But then there is a second school of thought about this parable,
            which draws attention to the Jewish rhetorical technique
            of arguing from the lesser to the greater.
 
Such arguments were common within Judaism,
            and can be found in many other places elsewhere in the Bible,
                        (cf. Mt 7.11; 10.25; 12.12; Lk 12.24, 28; Rom 11.12, 24; 2 Cor 3.8; Heb 9.14)
            usually introduced by the phrase ‘how much more’.
 
So, for example, in Matthew 7:11  we find Jesus saying:
            If you then, who are evil, know how to give good gifts to your children,
            how much more will your Father in heaven
            give good things to those who ask him!
 
By this reading of our parable, the unjust judge isn’t God,
            or even an inverted representation of God.
 
Rather, the point is made by suggesting an argument from the lesser to the greater:
            If even an unjust judge grants justice eventually,
                        how much more does God long to grant the prayers
                        of those who cry to him day and night.
 
But the lesson remains uncomfortably similar to the first reading,
            which is that we should continue to persist in prayer
                        and hopefully God will eventually get round to answering us,
                        even if at the moment God seems to be ignoring us.
 
After all, we tell ourselves,
            surely God is much more motivated to do so
            than the unjust judge in the parable.
 
But, you know, I find this second reading almost as problematic as the first,
            because it still takes us no closer
                        to an understanding of why it might be
            that God, who of course is nothing like the judge,
                        is still doing such a good impression of him
                        by ignoring our prayers!
 
So, I want to suggest a different way of reading this parable,
            and I think it’s a way of approaching it which might get us a bit closer
            to the persistent and faithful struggle embodied by the widow,
                        to see the world transformed
                        in the name of the in-breaking kingdom of heaven.
 
The way I read this parable, the unjust judge is not God
            he’s not even an inverted pastiche of God.
 
Rather, the judge represents
            the oppressive forces of power at work in the world.
 
This unjust judge who, we are told, has no fear of God nor respect for anyone,
            represents those systems and structures
                        which have lost sight of their God-given intent,
            and have become instead indifferent
                        to the plight of the poor and the vulnerable.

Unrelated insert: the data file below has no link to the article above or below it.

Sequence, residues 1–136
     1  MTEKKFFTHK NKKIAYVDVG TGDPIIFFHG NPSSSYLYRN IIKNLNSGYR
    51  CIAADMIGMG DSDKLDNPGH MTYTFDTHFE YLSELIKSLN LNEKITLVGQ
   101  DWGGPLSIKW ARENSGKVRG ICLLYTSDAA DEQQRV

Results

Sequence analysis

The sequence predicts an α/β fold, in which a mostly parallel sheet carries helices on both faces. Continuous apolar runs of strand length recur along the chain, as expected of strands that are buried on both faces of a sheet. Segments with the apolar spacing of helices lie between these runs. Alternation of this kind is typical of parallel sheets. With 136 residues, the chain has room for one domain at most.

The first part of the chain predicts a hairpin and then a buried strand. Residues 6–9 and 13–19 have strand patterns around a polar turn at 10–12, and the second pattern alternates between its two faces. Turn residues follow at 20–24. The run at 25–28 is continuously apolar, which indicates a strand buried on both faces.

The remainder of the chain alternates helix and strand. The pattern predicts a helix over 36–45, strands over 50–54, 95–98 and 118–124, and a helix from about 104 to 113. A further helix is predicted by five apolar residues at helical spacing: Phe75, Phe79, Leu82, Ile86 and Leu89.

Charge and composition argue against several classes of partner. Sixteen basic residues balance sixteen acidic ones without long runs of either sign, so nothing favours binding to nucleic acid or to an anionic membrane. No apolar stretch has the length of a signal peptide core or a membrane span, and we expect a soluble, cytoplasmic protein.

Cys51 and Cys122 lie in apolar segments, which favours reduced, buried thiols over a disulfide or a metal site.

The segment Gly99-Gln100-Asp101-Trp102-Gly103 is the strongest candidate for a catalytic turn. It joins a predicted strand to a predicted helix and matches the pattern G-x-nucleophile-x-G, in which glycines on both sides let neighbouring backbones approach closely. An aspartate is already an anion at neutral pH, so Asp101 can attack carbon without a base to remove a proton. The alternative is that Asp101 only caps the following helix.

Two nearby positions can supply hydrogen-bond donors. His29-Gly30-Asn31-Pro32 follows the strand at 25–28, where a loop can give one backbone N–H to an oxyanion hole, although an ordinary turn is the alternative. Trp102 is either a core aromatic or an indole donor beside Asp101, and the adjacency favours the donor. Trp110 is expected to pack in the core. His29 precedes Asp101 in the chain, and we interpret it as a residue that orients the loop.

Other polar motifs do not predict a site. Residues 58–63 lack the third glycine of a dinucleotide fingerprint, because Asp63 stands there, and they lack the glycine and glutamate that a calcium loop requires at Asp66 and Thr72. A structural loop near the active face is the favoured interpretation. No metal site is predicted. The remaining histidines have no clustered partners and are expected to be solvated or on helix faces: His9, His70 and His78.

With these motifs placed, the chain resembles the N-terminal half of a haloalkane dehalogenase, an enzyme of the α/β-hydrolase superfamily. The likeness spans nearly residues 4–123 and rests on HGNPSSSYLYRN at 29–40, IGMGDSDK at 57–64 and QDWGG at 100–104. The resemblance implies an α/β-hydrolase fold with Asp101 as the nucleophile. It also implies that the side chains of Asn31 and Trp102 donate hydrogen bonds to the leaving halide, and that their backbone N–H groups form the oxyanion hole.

These structures could be governments,
            indifferent to the plight of those at the bottom end of society,
                        seeking to restrict benefits and cut services
                        in the interest of political expediency or ideological pragmatism.
 
They could be businesses or international financial markets,
            indifferent to the exploitative or oppressive effects
                        that their endless quest for profit has
                        upon those who find themselves standing in the way of the bottom line.
 
They could be those systems specifically charged with protecting the vulnerable
                        such as the police, the army, or the justice systems,
            when those systems become indifferent to the causes
                        that they have been established to champion.
 
            From institutional racism to military dictatorships,
                        it is all too easy for power to breed corruption.
 
And this, of course, is why Jesus used the image of a judge in his parable:
            he is a representative of the very profession
            that should have stood up for the impoverished widow.
 
But beyond these large institutions and their tendency to systemic indifference,
            the unjust judge could be you, and he could be me.
 
This is especially true those of us who have money and power.
            Because we too face choices
                        as to what we will do with that which is ours to hold.
 
            We too must make choices about who to vote for,
                        or where to invest our money:
                        which pension scheme or hedge fund to endorse.
 
            And it begs a question of us:
                        will we make our choices based on what’s best for us and ours?
            Or will we hear the voice of the widow at the door,
                        crying out for justice, crying to us for righteousness?
 
In Jesus’ parable, the widow’s continual
            and perseverant approach to the indifferent judge,
is effective in the end,
            because her weakness and vulnerability ultimately call him to account,
            leaving him little option but to act to bring her justice.
 
In many ways this is the path of nonviolent resistance.
            It has echoes of Ghandi, of Martin Luther King, of Rosa Parkes.
 
With the disempowered presenting themselves again and again,
            bearing testimony in their own bodies to the injustices they have suffered,